Despite the publication of hundreds of trials on gout and hyperuricemia, management of these conditions remains suboptimal. We aimed to assess the quality and consistency of guidance documents for gout and hyperuricemia.
Systematic review and quality assessment using the appraisal of guidelines for research and evaluation (AGREE) II methodology.
PubMed and EMBASE (27 October 2016), two Chinese academic databases, eight guideline databases, and Google and Google scholar (July 2017).
We included the latest version of international and national/regional clinical practice guidelines and consensus statements for diagnosis and/or treatment of hyperuricemia and gout, published in English or Chinese.
Two reviewers independently screened searched items and extracted data. Four reviewers independently scored documents using AGREE II. Recommendations from all documents were tabulated and visualised in a coloured grid.
Twenty-four guidance documents (16 clinical practice guidelines and 8 consensus statements) published between 2003 and 2017 were included. Included documents performed well in the domains of scope and purpose (median 85.4%, range 66.7%–100.0%) and clarity of presentation (median 79.2%, range 48.6%–98.6%), but unsatisfactory in applicability (median 10.9%, range 0.0%–66.7%) and editorial independence (median 28.1%, range 0.0%–83.3%). The 2017 British Society of Rheumatology guideline received the highest scores. Recommendations were concordant on the target serum uric acid level for long-term control, on some indications for urate-lowering therapy (ULT), and on the first-line drugs for ULT and for acute attack. Substantially inconsistent recommendations were provided for many items, especially for the timing of initiation of ULT and for treatment for asymptomatic hyperuricemia.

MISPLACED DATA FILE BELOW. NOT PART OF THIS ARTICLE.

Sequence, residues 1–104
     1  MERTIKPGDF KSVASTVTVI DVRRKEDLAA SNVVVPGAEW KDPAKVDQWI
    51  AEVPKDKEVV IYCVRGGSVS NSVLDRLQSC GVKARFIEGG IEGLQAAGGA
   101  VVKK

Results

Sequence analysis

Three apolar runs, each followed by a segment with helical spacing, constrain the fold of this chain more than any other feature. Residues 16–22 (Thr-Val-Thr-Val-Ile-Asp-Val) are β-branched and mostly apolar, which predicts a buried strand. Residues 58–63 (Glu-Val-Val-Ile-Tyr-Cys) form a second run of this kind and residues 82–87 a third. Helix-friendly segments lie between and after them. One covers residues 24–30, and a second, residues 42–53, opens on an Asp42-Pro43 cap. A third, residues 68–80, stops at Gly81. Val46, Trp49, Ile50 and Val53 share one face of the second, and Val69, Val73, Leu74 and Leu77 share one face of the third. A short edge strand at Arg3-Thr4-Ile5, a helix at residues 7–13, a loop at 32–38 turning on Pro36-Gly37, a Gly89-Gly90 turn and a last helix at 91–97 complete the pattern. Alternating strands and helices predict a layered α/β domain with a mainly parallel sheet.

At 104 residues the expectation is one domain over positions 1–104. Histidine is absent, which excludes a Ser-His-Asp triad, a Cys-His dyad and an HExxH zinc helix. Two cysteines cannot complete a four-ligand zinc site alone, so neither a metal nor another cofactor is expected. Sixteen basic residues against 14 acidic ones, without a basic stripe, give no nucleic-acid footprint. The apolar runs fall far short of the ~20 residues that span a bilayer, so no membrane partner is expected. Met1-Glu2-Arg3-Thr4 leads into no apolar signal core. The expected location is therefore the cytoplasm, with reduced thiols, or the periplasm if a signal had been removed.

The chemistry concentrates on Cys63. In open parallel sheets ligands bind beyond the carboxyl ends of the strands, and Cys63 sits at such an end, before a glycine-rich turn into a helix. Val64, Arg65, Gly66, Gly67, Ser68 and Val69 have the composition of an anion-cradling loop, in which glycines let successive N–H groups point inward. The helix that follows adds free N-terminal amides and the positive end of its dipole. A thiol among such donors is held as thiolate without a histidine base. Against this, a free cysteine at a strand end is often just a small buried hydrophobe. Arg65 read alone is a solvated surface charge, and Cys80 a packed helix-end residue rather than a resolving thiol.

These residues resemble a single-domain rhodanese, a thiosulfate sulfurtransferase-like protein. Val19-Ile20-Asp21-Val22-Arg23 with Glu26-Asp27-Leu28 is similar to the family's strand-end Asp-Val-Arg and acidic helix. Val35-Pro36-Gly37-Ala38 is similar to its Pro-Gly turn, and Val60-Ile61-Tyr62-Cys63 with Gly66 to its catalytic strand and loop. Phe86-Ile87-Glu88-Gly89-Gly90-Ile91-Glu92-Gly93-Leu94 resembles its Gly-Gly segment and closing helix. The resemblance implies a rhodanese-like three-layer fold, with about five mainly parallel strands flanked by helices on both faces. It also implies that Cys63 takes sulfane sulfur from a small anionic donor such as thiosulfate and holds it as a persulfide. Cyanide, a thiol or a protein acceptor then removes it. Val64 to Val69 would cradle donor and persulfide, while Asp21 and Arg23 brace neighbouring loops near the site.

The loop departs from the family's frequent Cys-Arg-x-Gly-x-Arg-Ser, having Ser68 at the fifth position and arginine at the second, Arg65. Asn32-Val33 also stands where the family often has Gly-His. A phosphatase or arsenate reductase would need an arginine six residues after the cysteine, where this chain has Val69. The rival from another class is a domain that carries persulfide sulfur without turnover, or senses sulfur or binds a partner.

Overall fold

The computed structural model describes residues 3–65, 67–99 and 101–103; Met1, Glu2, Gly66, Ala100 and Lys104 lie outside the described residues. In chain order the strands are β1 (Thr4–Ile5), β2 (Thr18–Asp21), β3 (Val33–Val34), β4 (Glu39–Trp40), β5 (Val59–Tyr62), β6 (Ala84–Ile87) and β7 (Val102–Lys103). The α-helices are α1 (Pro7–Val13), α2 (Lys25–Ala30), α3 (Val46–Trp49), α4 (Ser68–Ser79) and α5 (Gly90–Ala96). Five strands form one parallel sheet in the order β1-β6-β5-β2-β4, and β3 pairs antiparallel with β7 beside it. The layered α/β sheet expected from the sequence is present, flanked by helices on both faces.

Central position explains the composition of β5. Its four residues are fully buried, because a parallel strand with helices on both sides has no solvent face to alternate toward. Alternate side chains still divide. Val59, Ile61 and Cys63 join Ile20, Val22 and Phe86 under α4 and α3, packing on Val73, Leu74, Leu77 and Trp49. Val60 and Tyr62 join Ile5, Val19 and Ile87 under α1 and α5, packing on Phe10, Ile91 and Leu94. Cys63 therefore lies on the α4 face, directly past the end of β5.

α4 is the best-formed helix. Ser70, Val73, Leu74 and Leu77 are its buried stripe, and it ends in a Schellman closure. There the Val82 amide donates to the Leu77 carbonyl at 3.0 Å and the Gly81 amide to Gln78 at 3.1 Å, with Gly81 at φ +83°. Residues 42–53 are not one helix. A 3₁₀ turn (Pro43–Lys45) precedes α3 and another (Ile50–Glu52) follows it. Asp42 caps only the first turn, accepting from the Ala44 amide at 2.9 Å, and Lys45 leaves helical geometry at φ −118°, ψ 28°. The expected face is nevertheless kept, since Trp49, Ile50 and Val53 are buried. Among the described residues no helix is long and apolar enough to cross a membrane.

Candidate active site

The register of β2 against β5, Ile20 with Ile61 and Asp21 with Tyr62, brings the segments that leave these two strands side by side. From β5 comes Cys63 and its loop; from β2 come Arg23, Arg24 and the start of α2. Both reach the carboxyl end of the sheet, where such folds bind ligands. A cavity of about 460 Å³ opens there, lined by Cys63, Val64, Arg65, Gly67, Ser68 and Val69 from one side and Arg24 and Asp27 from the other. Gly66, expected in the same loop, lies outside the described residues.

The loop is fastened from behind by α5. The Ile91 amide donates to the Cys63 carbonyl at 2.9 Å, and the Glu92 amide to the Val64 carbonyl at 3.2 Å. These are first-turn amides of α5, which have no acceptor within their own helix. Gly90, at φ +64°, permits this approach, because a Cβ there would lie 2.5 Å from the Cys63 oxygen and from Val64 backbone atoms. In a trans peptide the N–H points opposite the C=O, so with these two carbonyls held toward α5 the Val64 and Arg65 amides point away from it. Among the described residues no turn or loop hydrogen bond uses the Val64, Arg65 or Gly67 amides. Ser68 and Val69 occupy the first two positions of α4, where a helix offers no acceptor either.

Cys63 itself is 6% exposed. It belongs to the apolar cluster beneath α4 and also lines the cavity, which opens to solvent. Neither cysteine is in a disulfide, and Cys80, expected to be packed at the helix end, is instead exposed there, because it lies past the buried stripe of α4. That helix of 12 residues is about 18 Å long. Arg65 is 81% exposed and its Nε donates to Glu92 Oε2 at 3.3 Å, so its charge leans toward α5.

Methodological quality needs improvement in guidance documents on gout and hyperuricemia. Evidence for certain clinical questions is lacking, despite numerous trials in this field. Promoting standard guidance development methods and synthesising high-quality clinical evidence are potential approaches to reduce recommendation inconsistencies.